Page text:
While there are times you may need to pivot based on unforeseen circumstances, it’s important to implement the best revenue model for your business from the start. The chaos of frequent switches can be just as detrimental and ineffective as an initial poor choice.
Selecting The Right Revenue Model
The key factor in picking a revenue model that works with, not against, your business is to direct your focus where it matters most. In most cases, you’ll need to start by examining your customer insights and direct competition. The latter provides a solid benchmark. Meanwhile, customer insights reveal if there’s room for innovation within the model. Once you’ve determined the above, you can explore which model is a problem-solver and adds customer value.
Top Five Revenue Models
There are a few variations out there, but most startups are largely based on the following five basic models:
Your customer’s needs are fulfilled as they arise, or rather on-demand. Every completed transaction equates to a payment. This model is frequently used by hospitality, healthcare, transportation, and food industries.
On-demand business models have radically changed the way customers solve their on-demand problems by simplifying the process and making it more convenient and efficient. So, the on-demand revenue model is ideal if the problem your business solves for the consumer is common/frequent, and you have a better mouse trap way of solving it than established competitors.
2) e-commerce And Marketplace
Today, e-commerce accounts for one-tenth of retail sales, and it continues to grow yearly. Business models are accommodating the rising online buyer’s demands, and it’s easier than ever to cheaply and quickly launch an e-commerce. This offers you selling power without the heavy burden of establishing inventory.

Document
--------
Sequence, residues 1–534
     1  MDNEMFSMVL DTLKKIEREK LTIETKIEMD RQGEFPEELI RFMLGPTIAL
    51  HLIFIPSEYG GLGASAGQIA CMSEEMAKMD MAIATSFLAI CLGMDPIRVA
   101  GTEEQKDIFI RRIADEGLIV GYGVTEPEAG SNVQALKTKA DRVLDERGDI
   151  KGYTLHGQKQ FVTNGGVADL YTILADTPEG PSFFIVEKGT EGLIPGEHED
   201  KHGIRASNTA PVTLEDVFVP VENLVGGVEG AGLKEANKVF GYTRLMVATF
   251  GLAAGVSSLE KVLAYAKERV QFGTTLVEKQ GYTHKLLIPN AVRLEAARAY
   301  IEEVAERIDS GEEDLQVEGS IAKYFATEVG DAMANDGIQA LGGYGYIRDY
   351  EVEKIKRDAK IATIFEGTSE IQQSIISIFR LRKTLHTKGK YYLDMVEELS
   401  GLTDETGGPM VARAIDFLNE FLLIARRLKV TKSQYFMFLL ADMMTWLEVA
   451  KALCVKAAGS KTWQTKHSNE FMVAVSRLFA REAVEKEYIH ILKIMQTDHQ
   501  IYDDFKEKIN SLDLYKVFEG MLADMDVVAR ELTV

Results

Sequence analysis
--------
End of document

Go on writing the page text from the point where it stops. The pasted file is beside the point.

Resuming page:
One highly prized asset here is that e-commerce enables you to make money on products within your specific marketing, distribution, and manufacturing margins. That’s not always possible in traditional retail veins.
Keep in mind that e-commerce and online marketplaces are two different portals. While e-commerce sites offer products direct B2C, marketplaces have an already established supply and demand. That’s not to say you can’t be both.
An e-commerce and marketplace site would own and sell its own products B2C and be an intermediary portal for other entrepreneurial sellers to connect with potential buyers.
Keep in mind that you also don’t have to just pick one revenue strategy, either. On-demand transportation companies, for example, are also intermediary marketplace models. They facilitate the on-demand transactions between drivers and passengers in return for a percentage of the ride’s cost.
A marketplace or e-commerce model works best if your business’s secret sauce is in matching up under-serviced consumers with a specific product and/or facilitating such a match with a secondary high-quality supplier.
This model is all about delivering a service or product direct to subscribing consumers in exchange for a set fee, which is usually yearly or monthly. It can be utilized several different ways, including as a premium election, as part of a tier for how goods/services are offered, or as an exclusive delivery method. Think ad removal or other exclusive benefits and advantages.
4) Licensing And SaaS
Licensing entails you owning proprietary or IP (intellectual property) that’s delivered to consumers and/or other businesses via licenses.
The difference between SaaS, or software as service, and licensing is possession and use. Licensing offers others something tangible to operate or use. Meanwhile, SaaS can be thought of as more of a hosted service environment for others to access online without a tangible product being involved.
This strategy is very similar to membership. It’s common amongst app developers. The core product is free to entice users. Function, feature, and benefit upgrades entail a pricing strategy to then covert those “free” leads into paying customers.
Which Revenue Model Is Right For You?
You’ll need to evaluate your product/service value, target customer, and competitor saturation to determine which revenue model offers the most appropriate delivery and highest value.
Remember, you don’t necessarily have to pick only one revenue model, but you do have to ensure that your revenue models work together and add value, not unnecessary complication.
While you don’t want to jump ship every time your model hits a snag, you do want to stay open to pivoting as both your own business, its customers, and these established revenue models evolve.